I don’t know that I’m going to add too much to the incredibly articulate interpretations that are already out there. But I do feel that we need to teach our children to be on the lookout for fear and hatred, both in others and in themselves. They are easy emotions to play into and to become addicted to.
I see my place in the world, being a musician, as offering a recharging station for people. I think we’re all suffering a bit of compassion fatigue right now. We’re upset about the KKK and the neo-Nazis, but what about the Harvey victims? Oops, we also forgot about Standing Rock and Bangladesh and the refugee crisis in the Mediterranean. There’s so much going on that requires our attention and our compassion, and I think music offers a place where you can go to have your heart filled up again.
What causes have been tugging at your collective heart strings lately both locally, nationally & globally?
As a band, it seems that we’re each pretty cautious about getting too outwardly attached to any particular cause. We care deeply about the issues facing our world today, but I think we each contribute our parts privately.
Sorry if that’s unsatisfying. It’s hard to answer because literally everything is tugging at our heartstrings right now, and we don’t really know what to do except try to connect with people through music.
In my own world, though, I’m kind of gung-ho on green energy and encouraging people to have fewer kids. Both of those have a strange amount of resistance going against them, but I think they’re the causes I stand most behind.
Artists, authors & auteurs that have struck everyone’s fancy as of late?
Chimamanda Ngozi Adichie is one of my new favorite authors…her book Americanah was so beautiful and enlightening.
Now that you have covered the North/South ends of things; can we expect an east & west album adventure of sorts next?
[laughs] We’re taking it one continent at a time, but inevitably we must start the journey eastward. Europe is most likely going to be next, and after that it’s up in the air.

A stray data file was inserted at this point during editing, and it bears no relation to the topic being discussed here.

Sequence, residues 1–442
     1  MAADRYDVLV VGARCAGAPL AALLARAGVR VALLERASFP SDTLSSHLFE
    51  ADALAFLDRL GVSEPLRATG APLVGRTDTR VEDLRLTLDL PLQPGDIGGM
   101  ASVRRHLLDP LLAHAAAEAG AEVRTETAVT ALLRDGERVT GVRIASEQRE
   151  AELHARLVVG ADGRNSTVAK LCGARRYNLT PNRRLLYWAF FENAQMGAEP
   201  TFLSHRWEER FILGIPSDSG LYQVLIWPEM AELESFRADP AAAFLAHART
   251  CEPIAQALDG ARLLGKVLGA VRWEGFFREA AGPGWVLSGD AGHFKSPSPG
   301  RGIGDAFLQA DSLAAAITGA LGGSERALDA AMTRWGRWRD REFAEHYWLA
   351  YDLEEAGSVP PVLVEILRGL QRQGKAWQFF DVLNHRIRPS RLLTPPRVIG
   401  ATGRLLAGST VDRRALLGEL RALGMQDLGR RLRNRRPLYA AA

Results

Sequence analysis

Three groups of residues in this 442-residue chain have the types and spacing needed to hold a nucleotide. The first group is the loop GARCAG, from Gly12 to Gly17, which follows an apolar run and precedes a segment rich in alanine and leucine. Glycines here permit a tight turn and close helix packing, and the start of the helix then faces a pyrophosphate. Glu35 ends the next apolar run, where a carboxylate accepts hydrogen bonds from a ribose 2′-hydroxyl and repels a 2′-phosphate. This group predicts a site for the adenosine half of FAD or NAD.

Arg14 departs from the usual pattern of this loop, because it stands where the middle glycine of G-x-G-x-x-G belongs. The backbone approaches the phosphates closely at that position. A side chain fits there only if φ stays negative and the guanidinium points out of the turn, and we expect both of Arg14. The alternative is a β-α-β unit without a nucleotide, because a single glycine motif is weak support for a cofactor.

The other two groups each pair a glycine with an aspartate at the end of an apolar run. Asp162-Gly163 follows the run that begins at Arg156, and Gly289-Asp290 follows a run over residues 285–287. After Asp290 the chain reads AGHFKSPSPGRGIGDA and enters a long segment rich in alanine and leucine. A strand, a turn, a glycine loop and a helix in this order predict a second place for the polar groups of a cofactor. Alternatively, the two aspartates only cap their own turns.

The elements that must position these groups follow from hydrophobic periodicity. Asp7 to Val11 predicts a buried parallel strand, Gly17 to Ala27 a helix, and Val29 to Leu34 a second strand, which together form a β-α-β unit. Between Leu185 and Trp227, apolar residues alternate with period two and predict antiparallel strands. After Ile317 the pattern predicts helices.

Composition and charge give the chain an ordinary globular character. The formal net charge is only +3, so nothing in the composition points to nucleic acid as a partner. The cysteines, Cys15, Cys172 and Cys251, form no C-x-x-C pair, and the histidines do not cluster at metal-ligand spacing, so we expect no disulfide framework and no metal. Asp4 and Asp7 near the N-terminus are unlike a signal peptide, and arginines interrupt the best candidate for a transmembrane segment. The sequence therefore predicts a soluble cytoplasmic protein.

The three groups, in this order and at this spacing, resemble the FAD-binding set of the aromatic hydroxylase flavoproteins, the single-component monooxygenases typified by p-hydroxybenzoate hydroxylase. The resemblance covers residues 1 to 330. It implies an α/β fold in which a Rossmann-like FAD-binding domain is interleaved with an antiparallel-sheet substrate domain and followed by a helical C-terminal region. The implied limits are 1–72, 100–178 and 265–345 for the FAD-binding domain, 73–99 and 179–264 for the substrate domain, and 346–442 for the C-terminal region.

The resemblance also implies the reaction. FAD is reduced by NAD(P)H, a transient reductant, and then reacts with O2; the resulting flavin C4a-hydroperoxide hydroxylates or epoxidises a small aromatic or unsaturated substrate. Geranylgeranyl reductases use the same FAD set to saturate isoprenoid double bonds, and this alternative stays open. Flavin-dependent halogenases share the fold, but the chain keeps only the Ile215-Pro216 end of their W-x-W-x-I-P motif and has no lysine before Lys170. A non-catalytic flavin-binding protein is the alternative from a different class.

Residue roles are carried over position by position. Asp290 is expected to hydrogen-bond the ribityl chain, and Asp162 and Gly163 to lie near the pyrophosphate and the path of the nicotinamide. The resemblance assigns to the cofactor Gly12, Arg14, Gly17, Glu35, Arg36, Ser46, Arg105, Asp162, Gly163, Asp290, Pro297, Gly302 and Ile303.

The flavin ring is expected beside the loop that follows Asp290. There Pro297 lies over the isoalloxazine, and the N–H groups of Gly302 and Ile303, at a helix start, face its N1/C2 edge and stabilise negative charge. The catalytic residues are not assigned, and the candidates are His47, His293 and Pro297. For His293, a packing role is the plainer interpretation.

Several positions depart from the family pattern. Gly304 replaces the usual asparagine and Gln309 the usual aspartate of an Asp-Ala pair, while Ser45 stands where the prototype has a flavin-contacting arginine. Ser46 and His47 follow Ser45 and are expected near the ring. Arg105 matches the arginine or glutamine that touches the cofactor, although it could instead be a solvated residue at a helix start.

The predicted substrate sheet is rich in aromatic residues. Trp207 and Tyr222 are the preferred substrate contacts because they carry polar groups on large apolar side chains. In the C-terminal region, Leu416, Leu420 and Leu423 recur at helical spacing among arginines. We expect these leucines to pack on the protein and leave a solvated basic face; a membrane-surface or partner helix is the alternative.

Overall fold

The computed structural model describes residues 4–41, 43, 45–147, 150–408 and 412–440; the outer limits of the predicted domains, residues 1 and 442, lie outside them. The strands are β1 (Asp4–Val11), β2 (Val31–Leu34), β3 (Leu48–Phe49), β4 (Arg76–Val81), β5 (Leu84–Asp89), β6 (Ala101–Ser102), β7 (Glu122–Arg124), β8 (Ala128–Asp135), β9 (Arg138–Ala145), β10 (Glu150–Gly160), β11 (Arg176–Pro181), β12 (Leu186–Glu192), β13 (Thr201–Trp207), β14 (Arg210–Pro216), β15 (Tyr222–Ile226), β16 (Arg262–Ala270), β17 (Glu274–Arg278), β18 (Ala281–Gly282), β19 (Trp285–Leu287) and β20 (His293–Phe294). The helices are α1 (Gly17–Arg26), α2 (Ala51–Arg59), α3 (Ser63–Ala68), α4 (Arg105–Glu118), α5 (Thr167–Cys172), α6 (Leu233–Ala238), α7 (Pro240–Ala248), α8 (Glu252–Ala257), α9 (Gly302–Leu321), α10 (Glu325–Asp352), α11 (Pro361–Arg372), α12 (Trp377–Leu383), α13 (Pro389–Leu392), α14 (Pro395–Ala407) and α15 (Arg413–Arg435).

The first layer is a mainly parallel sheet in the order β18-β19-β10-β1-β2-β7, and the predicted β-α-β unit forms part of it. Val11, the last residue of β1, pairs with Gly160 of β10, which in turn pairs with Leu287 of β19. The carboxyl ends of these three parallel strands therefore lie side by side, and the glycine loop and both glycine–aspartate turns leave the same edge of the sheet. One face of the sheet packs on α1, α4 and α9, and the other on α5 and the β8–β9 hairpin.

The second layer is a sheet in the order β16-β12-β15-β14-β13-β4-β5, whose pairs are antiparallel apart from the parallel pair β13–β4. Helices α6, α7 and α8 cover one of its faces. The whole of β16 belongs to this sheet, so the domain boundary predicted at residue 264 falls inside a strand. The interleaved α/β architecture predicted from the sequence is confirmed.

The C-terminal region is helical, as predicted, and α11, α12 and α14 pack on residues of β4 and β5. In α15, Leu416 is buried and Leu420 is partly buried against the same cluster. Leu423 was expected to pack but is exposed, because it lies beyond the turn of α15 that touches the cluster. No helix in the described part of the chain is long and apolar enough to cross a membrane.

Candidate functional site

A certain psychic serenity plays about your sound….to what do you all attribute this kind of unique quality?
I decided a few years ago that I am content, if given a choice between making people dance or giving them quiet pangs of emotion, I’d choose the latter. When I find something in music that makes me feel or see something, I value that quality above anything else—especially when it’s just a melody by itself, with no words.
I always find myself craving that dark, lonely part of the world where it’s snowy and the sun doesn’t really stay up for long. I don’t know why, but perhaps it’s the same reason I love thunderstorms…I like warmth and safety, but only when it’s juxtaposed to cold and risk outside. I love that you called it psychic serenity, when I would describe it more as nostalgia, loneliness, quiet, and introspective.
When I write a song, I guess I look for an image evoked by the melody or guitar part. For instance, the intro of “Photographs of Inuvik in January” from our album North America always takes me to snow falling outside the window at 6am, with a bowl of cold cereal and a blaring, cheap alarm clock going off. It’s sad but somehow happy, and maybe that’s the emotion that is up for interpretation.
Meditations, mantras & more for the future?
Make lowering stress your number one priority for a year, and see how your life compares afterwards. Don’t be a Nazi also.